Blood Clots & Menstruation: What You Can Do About It

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Blood Clots

Most high school health classes skip myriad topics, so period blood clots were probably nowhere to be found on your teacher’s lesson plan. The mystery surrounding this phenomenon can make those small, dark clumps of blood understandably unsettling and the fact that they usually pop up on the crampiest days of a period cycle doesn’t help.

Fear not. Menstrual clots are a totally normal and surprisingly common experience for many menstruating women.

Generally speaking, they’re no cause for alarm – but understanding the “why” behind the appearance of the strange blobs that appear while you're bleeding can certainly help alleviate anxiety.

What are Menstrual Blood Clots?

The body typically loses between 4 and 12 teaspoons of menstrual blood per cycle, but this varies greatly depending on innumerable external factors.

You’ve probably noticed differences in the color and heaviness of bleeding during your flow; the darkest and thickest days often appear during the middle of your cycle. Sometimes, especially for women who have particularly heavy periods, this heavy bleeding results in small, dark, goopy and weird clots of menstrual blood.

As a general rule, the darker the blood, the longer it’s been inside the uterus and by extension, the longer it has taken to exit the body.

According to Healthline, your body produces anticoagulants, which typically prevent period clots and improve ease of blood flow. When flow is especially heavy and blood is taking longer than usual to leave the uterus, however, clotting tends to occur.

Basically, if the blood is accumulating faster than your body can expel it, your body misses its anticoagulation window, leaving you with a jelly-like clump of blood to contend with.

Every woman’s flow is different, and the heaviness of bleeding can change depending on hormones, age, diet, and other uncontrollable factors.

Interestingly, clots may be more common during the first and final menstrual years, a time known as perimenopause. Puberty is often marked by particularly heavy bleeding, and perimenopausal women may also notice this phenomenon as their periods of ovulation and menstruation begin to occur with more irregularity.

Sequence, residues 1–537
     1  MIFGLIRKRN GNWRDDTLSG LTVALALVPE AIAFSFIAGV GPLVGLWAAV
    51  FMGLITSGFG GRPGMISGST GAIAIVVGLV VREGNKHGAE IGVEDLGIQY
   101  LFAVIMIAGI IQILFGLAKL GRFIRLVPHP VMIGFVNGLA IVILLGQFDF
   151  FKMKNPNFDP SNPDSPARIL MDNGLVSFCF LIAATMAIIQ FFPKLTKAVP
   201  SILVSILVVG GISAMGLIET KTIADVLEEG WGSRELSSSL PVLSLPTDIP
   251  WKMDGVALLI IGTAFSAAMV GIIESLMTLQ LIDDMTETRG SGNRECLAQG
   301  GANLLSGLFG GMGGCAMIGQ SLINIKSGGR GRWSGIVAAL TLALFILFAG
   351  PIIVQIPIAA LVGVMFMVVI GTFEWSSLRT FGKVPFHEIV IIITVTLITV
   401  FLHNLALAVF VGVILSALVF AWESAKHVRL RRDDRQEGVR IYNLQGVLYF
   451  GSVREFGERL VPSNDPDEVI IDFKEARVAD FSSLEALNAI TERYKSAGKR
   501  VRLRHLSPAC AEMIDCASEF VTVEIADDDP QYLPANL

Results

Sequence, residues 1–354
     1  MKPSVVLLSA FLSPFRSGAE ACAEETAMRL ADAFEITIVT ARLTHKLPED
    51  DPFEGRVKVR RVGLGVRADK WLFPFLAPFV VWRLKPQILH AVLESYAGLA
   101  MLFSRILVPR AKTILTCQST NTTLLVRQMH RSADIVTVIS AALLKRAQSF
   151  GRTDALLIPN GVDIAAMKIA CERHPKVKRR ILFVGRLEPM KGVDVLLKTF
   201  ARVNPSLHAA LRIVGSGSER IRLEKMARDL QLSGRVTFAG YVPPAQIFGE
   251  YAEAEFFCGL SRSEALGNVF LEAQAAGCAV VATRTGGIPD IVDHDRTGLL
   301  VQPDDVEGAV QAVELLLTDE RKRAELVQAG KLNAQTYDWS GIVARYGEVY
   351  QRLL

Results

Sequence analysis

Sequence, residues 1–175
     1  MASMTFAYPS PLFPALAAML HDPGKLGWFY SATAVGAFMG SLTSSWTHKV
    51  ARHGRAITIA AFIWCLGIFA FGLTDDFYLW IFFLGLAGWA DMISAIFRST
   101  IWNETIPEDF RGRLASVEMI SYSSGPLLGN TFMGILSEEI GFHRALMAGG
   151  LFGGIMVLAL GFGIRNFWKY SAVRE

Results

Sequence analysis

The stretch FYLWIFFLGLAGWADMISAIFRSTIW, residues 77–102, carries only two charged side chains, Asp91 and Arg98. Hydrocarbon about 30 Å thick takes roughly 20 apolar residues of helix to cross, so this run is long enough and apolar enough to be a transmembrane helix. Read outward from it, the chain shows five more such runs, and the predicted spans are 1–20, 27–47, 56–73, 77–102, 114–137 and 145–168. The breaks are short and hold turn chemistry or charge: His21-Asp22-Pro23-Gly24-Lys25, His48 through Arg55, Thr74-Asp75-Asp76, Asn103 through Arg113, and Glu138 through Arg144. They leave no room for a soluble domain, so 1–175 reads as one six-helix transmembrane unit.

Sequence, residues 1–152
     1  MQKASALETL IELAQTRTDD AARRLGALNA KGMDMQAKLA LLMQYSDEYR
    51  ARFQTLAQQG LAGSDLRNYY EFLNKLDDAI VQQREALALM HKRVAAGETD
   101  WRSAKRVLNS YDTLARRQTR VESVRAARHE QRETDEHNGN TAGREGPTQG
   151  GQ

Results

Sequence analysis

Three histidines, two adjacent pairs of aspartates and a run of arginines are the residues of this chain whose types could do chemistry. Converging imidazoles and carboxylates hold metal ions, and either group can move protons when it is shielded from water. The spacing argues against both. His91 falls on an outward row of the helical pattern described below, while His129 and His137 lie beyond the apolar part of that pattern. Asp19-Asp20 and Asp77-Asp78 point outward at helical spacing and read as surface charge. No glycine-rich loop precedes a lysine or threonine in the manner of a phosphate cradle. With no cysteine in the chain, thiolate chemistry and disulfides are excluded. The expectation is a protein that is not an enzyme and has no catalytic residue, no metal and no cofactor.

What causes Blood Clots?

Experts have plenty of intel on the body’s production of blood clots, but their origins remain something of a scientific debate.

Clots may formulate in either cavity, uterus or vagina, and it’s not entirely clear what proteins are kicking clotting behavior into action.

Changes in blood flow could be attributed to any of the following factors

  • The size of your uterus
  • The ability of your uterine muscle to contract
  • The diameter of your cervical canal
  • The presence of various types of proteins

Some of these factors are out of your control, so the presence of discolored or especially large blood clots does not mean you should rush to the pharmacy or change your diet; instead, set up an appointment with your OB/GYN. Your doctor may take a blood sample to check for anemia, recommend an ultrasound of your pelvis, or prescribe hormonal medication to help regulate heavy menstrual periods.

Doctors will frequently agree that menstrual blood clotting is a perfectly normal side-effect of heavier periods.

Should I be worried about a period blood clot?

If you notice that your clots are larger than the size of a quarter. If the clots are not the typical dark red color or size that you’re used to seeing, it’s worth checking with your doctor.

This type of behavior may be a symptom of heavy menstrual bleeding or uterine fibroids. Discolored clots may be a sign of an undetected miscarriage; if you’re trying to get pregnant and notice any kind of change in your period flow, visit your doctor for more thorough diagnosis, testing and treatment.

Blood clots are also common among women with polycystic ovary syndrome, which disrupts the body’s hormonal balances and can lead to particularly heavy periods.

If you do choose to consult your doctor about the normalcy of your flow, be prepared to answer questions about:

  • Your family history with heavy bleeding
  • How much heavy bleeding impacts your quality of life
  • How many tampons or pads or both you use in a hour of your heaviest part of your cycle
  • How many tampons or pads you go through in total on a typical cycle

Bottom line, as strange as this jelly-like substance can be, you don’t need to worry unless you notice clots that are abnormal in size or color.

Now What?

If you find the sight of blood clots alarming, or you’re concerned about tracking the heaviness of your cycle, stay away from tampons and pads. These types of products absorb regular menstrual bleeding, but not blood clots or heavier flows.

Collection menstrual products, such as Flex, allow period blood to flow naturally. A menstrual disc can make it much easier for you to notice details like color, heaviness, and occurrence of blood clots.

It also never hurts to start tracking your personal flow. Blood clots aren’t necessarily reason to worry, but they’re a great excuse to start getting to know your body even better.

As gunky and gross as these clots may appear, keeping track of patterns in your flow can be hugely important to recognizing changes in your body. Otherwise, blood clots are generally just a part of the menstrual process, and way more normal than high school health class might indicate.

So the next time you notice a glob of blood on the crampiest day of your period, no need to panic: just clock it, clean up, pop some Midol, and enjoy your day!